Susan Parker, Graduate Student (PhD), School of Public Health, University of Michigan
In recent decades, states passed over 300 laws governing where individuals carry firearms.1 These laws range from barring firearm carrying in “gun free zones” to expanding carrying to places accessible to the public such as hospitals, bars, and places of worship. Understanding where firearm injuries occur is therefore increasingly relevant to preventing firearm injury but difficult due to the lack of comprehensive gun injury data in the U.S.2 We employ natural language processing of medical record text to classify non-fatal gun injury locations and generate national estimates of where injuries occur. This analysis used natural language processing to classify missing locations. We vectorized words in narratives to 22,463 covariates indicating whether the word appears in an individual case using term frequency-inverse document frequency (TF-IDF) weighting. We then used 5-fold cross validation to fit a multinomial Lasso regression to categorize the location. Applying the fitted Lasso model to the test set verified the accuracy of out-of-sample predictions. We find that estimates of where non-fatal gun injuries occur using locations predicted from medical text suggest non-fatal firearm injuries occur outside the home more often than inside in contrast to the existing estimates. Where injury occurs informs important firearm policy questions, and medical record narratives offer valuable insight when combined with natural language processing techniques.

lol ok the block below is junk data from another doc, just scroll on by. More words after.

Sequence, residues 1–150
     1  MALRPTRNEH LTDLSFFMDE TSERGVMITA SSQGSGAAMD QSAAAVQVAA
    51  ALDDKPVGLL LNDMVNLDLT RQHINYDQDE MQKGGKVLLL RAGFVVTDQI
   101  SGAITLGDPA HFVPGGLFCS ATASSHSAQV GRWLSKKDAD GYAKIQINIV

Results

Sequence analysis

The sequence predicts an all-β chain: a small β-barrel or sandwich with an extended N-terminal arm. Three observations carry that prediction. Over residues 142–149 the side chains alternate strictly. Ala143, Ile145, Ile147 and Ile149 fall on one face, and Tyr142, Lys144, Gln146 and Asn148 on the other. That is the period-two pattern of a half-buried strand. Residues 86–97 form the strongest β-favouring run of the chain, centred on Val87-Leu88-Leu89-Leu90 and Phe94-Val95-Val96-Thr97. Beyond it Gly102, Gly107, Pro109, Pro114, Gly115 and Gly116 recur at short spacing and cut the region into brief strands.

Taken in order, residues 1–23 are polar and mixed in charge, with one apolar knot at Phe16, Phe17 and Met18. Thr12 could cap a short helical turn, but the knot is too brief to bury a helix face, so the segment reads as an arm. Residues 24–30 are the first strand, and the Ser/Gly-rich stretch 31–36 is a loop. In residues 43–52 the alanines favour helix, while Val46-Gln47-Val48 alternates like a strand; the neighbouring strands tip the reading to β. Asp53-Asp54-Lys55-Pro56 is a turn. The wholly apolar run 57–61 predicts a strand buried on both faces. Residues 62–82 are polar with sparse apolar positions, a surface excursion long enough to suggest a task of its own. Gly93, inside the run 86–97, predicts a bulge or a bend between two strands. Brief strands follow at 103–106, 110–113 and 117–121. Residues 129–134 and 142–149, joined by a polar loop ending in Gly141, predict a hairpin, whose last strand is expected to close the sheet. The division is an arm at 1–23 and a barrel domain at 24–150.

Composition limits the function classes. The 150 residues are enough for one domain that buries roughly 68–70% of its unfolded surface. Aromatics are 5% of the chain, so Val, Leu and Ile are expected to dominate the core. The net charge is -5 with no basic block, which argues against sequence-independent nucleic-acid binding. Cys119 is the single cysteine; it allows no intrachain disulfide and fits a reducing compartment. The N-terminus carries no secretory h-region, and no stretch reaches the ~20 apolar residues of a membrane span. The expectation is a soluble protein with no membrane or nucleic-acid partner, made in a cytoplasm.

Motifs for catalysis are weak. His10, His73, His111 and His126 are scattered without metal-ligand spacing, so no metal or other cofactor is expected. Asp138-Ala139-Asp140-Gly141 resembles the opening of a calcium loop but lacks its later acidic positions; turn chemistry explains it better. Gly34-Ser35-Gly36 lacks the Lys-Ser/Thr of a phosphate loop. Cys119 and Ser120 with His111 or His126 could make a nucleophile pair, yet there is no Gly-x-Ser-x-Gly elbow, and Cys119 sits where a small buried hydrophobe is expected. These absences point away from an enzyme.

Robyn A Ferg, Graduate Student (PhD), Statistics, University of Michigan
In a given corpus of tweets, there are likely to be many topics present. Some of these topics may be unrelated to the signal of interest, introducing noise and potentially bias. By correctly sorting tweets by topic, we hope to uncover signals of interest. In this talk we introduce a new clustering-based topic modeling algorithm to sort tweets into categories based on their content. First, distances between words are created based on how often two words appear together in the entire corpus. Then, distances between tweets are created using the distances between the words in the two tweets. A distance-based clustering algorithm is applied to the resulting distance matrices to reveal the latent topic for each tweet. This algorithm does not take advantage of any auxiliary information typically available in social media posts, and is therefore able to be applied to any corpus of short texts. We apply this algorithm to a validation set of Twitter users that are known to tweet about different topics.
Danielle Barnes, Graduate Student (PhD), CMSE, Michigan State University
Using the Candidates Characteristics Cooperative Database, we compare and evaluate predictive models that determine if a candidate for a state legislature would be a successful candidate in a state’s primary election. Using various predictive models, we compare to a novel predictive extension to a topological data method, Mapper. Using this extension allows for the computation of additional variables, and provides competitive results as well as increased predictive accuracy.